Gerrard earned his luck of course, not stopping to admire his own pass before latching onto a loose ball to plant a slide-rule finish into the net. It was vintage Stevie G. But it was also too obvious as a back-page dream: “Gerrard Roars Back”, proclaimed The Daily Telegraph. “OMG”, so said The Sun. It is on nights like these where footballers can make fools of the finest writers.
Many of whom questioned whether the 34-year-old had been dropped in the fortunate 1-0 victory over Stoke City 16 years on from his Anfield debut as a raw teenager last weekend. But would he have been in the right place at the right time had he not been ‘rested’? Or would he have stored his energy by checking his run 72 hours after playing another pivotal role against Mark Hughes’ side?
A third of the season behind us, I believe it has taken until now for Reds’ manager Brendan Rodgers to realize his shortcomings in mismanaging the midfielder. The focus has swung from life-after-Luis to Daniel Sturridge’s recovery programme to Mario Balotelli’s touches, cloaking Rodgers’ naïve selection process.
It is no surprise that since he smartened up by picking and choosing when to use his influential captain, there has been signs of improvement from last year’s title challengers. A return to form normally starts by winning ugly, and in Liverpool’s case it was by drawing in Ludogorets.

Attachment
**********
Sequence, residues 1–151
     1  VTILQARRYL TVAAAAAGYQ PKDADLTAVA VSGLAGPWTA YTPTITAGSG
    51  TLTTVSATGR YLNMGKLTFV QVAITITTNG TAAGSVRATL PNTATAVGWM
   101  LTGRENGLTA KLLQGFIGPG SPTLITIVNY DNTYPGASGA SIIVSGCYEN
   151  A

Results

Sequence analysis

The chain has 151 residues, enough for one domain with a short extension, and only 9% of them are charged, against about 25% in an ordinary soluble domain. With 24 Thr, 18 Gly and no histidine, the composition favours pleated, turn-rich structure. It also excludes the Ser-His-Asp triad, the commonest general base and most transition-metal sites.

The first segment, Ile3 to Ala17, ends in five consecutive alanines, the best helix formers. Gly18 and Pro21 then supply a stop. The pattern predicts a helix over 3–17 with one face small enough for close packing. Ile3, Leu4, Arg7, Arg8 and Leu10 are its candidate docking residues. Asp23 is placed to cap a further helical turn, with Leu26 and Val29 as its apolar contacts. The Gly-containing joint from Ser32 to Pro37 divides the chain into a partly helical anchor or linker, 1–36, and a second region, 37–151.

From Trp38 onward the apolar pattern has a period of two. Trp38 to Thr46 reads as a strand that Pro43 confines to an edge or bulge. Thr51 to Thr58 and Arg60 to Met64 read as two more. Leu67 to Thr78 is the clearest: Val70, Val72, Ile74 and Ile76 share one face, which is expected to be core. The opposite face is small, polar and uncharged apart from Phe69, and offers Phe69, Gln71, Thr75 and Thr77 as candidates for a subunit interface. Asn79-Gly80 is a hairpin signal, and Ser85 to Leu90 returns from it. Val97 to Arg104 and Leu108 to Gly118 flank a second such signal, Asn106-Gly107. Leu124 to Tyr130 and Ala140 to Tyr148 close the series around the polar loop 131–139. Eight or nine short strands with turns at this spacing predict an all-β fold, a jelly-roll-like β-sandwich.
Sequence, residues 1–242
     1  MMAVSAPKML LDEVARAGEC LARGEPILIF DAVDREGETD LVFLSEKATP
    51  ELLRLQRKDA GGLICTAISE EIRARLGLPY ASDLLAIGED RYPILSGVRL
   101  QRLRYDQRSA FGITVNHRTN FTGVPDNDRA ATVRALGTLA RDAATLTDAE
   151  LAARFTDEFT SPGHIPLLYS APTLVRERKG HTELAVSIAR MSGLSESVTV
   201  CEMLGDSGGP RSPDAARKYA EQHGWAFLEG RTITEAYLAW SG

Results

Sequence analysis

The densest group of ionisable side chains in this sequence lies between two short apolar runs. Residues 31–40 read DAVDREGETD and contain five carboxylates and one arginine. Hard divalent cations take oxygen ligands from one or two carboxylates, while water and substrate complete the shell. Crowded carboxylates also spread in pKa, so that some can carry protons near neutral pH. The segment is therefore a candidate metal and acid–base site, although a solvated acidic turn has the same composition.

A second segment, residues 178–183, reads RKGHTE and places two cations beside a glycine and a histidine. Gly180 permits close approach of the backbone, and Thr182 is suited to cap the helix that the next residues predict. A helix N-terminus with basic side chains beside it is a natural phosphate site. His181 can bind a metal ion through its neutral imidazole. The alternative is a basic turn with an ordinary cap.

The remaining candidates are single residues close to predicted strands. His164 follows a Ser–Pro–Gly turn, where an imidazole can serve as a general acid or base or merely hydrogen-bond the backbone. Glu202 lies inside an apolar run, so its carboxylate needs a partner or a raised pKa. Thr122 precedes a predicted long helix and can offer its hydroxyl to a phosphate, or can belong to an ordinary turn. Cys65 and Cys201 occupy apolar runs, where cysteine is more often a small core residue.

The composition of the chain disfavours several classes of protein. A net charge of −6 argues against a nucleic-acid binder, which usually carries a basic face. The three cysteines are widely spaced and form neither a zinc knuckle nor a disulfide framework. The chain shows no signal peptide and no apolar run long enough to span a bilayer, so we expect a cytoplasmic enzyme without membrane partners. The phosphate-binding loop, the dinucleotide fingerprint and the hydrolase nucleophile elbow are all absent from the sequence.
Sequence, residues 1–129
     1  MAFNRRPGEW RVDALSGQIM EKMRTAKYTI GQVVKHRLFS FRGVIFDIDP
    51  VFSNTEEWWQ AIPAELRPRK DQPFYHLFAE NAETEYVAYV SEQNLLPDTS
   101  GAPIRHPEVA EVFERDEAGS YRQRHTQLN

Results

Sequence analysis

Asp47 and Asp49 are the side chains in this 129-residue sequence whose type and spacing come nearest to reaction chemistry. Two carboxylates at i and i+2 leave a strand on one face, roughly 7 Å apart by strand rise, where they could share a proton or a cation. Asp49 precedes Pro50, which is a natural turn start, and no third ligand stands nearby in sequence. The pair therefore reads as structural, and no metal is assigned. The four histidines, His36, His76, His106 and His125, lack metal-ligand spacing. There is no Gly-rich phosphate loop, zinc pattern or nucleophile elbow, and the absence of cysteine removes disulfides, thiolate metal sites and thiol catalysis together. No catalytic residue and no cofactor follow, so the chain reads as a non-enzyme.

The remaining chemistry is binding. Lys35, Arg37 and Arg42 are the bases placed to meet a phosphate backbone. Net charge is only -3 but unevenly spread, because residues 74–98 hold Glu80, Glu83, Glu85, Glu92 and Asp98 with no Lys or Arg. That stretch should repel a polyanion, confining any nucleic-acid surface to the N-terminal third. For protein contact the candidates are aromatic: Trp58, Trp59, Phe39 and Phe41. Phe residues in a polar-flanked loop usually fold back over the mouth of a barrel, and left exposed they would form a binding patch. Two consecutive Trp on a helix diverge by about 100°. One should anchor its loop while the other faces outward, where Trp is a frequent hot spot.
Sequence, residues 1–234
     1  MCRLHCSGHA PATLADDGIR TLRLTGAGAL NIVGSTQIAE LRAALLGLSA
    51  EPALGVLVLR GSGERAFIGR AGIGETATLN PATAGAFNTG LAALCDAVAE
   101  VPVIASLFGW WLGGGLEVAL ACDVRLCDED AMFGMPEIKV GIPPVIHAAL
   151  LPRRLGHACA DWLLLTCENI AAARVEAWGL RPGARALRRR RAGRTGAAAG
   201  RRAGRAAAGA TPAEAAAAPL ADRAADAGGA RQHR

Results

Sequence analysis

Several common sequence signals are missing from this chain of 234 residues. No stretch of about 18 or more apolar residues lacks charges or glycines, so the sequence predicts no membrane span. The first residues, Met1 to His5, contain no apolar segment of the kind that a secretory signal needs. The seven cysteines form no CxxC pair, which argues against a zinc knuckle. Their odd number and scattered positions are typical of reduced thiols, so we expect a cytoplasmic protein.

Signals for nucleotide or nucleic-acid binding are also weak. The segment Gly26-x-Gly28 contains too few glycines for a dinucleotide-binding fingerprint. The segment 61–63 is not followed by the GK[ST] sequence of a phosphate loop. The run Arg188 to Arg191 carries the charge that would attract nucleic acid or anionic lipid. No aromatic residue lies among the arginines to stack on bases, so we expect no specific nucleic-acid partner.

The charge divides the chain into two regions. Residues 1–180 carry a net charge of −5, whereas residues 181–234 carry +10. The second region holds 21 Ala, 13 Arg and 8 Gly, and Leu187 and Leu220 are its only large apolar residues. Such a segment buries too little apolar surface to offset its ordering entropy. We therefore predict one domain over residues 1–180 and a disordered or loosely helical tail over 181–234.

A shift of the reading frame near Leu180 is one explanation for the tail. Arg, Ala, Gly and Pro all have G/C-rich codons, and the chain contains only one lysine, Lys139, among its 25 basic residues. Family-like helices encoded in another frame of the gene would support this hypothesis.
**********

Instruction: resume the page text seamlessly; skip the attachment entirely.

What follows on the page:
With Champions League qualification now in their own hands, and the prospect of another winnable home fixture against Sunderland at the weekend, confidence is returning to the red half of Merseyside. But it is foolish to claim that Gerrard was taken out of the side as a warning that nobody is indispensable.
BT Sport pundit Steve McManaman eulogized on his mate’s worth, the producers with Liverpool leanings busily readied a compilation of his most telling passes, no matter how elementary to an elite footballer.
And no matter how impressive the broadcasters were again in making an uncanny impression of LFCTV, there was nothing spectacular about his return to the starting line-up.
Far too simplistic is it to say that denying Gerrard a heart-felt reception leading his troops into battle on a milestone occasion has been the catalyst to his own return to form, however much they love an anniversary at Anfield.